Headaches, cramps and achy muscles are no fun on vacation. Throw some OTC pain relievers in your kit, along with something for sore muscles if your days are going to be active.
- ibuprofen or acetaminophen
- sore muscle rub (like Icy Hot or Biofreeze)
Sunburn care for your cruise first aid kit
Obviously, regular application of a high-SPF sunscreen is the best choice, but let’s face it – sometimes you forget to keep reapplying! Pack some soothing sunburn care items just in case you get a bit of a burn.
- lidocaine spray
- aloe vera gel
Cold prevention and relief for your cruise first aid kit
Cruise ships, airplanes and tour buses can be easy places to pick up a cold or virus. Throw in some preventive measures to boost your immune system (I swear by zinc lozenges or sprays).
Also pack some cold medicine in case you come down with a minor cold. Remember that anything more serious than the sniffles means you need to visit the medical office or alert another member of staff. Ships’ staff take communicable illnesses very seriously, as they can spread quickly on board.
- zinc lozenges
- vitamin C lozenges
- daytime and nighttime cold medicine
- cough medicine
Read more: How to Avoid Getting Sick on a Cruise
Seasickness remedies for your cruise first aid kit
Seasickness doesn’t affect everyone, but if anyone in your family has a tendency to be seasick (or motion sick/car sick if they’ve never cruised), pack some seasickness remedies.
If you know you need something stronger, visit your doctor before your cruise to get a prescription for medication in patch or pill form.
- antiemetic pills or tablets (like Bonine or Dramamine)
- ginger capsules
- motion sickness patches
Digestive relief for your cruise first aid kit
With an unlimited supply of delicious food on a cruise, if you suspect that you (or a family member) might overindulge, include some stomach relief remedies in your first aid kit.
- anti-diarrhea tablets (like Immodium)
- bismuth subsalicylate tablets (like Pepto-Bismol or Kaopectate)
- a gentle laxative capsule or tea
- gas relief chews or drops
Learn more: How to Avoid Getting Seasick on a Cruise
If you’ve ever cracked a tooth or lost a filling or cap, you know that all you want is to get to a dentist ASAP. Without a dental office on board ship, it’s always a good idea to take along a small dental emergency kit to treat the injury and help stop the pain until you can visit a dentist.
(Some long sailings, such as around-the-world cruises, may have a dentist available. Check with your cruise line if you’re unsure.)
If your dental pain is excruciating, or you suspect an infection, don’t hesitate to visit the ship’s doctor for pain relief or medication. They can also assist you in finding a dentist in port if you can’t wait until you return home.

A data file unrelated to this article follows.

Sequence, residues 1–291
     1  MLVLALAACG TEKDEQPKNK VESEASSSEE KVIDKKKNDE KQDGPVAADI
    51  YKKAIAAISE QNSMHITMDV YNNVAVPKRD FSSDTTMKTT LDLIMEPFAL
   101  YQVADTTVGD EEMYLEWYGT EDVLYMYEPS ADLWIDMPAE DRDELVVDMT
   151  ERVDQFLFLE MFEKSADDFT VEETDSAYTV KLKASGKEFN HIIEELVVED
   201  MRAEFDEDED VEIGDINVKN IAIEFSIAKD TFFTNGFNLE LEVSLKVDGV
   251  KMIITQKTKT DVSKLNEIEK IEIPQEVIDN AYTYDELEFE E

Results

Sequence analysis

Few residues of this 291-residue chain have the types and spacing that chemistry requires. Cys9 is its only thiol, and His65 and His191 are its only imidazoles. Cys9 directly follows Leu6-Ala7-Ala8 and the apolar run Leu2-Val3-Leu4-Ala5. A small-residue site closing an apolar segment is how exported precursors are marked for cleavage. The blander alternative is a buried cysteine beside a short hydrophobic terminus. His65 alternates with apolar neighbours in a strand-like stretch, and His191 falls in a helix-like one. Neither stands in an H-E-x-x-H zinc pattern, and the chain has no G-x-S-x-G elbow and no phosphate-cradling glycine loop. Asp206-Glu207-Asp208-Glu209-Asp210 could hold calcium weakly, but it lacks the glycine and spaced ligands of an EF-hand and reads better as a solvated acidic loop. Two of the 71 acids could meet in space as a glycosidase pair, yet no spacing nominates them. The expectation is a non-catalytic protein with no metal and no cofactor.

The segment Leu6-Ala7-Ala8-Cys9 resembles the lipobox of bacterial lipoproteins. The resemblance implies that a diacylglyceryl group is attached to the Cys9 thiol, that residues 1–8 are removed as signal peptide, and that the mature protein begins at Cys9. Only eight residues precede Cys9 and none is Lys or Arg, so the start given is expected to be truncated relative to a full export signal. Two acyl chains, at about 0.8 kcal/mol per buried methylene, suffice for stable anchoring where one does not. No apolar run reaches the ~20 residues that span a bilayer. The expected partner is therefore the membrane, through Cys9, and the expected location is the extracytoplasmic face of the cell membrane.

You also won’t find an optometrist’s office on board, so if you wear prescription glasses be sure to pack a backup pair, or bring an eyeglass repair kit. It will come in handy if you need to replace a screw or nose pad for your eyeglasses.
You can also use the kit to repair sunglasses, watches, and even replace a screw in some small electronic devices.
Why do I suggest putting a sewing kit in your cruise first aid kit? It’s your first aid kit for your clothes! It takes up hardly any room, and it’s super-inexpensive. (Check the price of this travel sewing kit on Amazon)
If you need to sew a button back on or repair a small tear or fallen hem, you’ll be glad you packed some basic sewing supplies.
I keep my sewing kit on hand especially in case I need to make an emergency repair on one of the few dressy pieces I’ve packed for dancing, dinners, or formal nights.
Tailor your cruise first aid kit for your own family
If you or someone in your family has specific medical needs, such as diabetes or allergies, it’s a good idea to put some backup supplies in your first aid kit. I’ve included extra spots on my printable PDF so you can write these in.
Some examples would include:
- hard candies
- backup inhaler
- backup epi-pen
- allergy medication
- kids’ or baby cold medicine
- kids’ or baby pain reliever
Do you need to take the whole cruise first aid kit with you on shore excursions?
Nope! I hardly ever take all of my first aid supplies on a shore excursion. Just put the items you’re most likely to need in a ziploc bag and throw it in your shore excursion bag.
I usually put in a few pain relievers, bandaids, hand sanitizer, and cortisone cream and I’m good to go (I do take the whole bag if we’re doing a hike without a guide). Everything else stays in the stateroom.
Make sure you download my free Cruise First Aid Packing List PDF. Happy cruising!
Want more tips on what to pack for your cruise?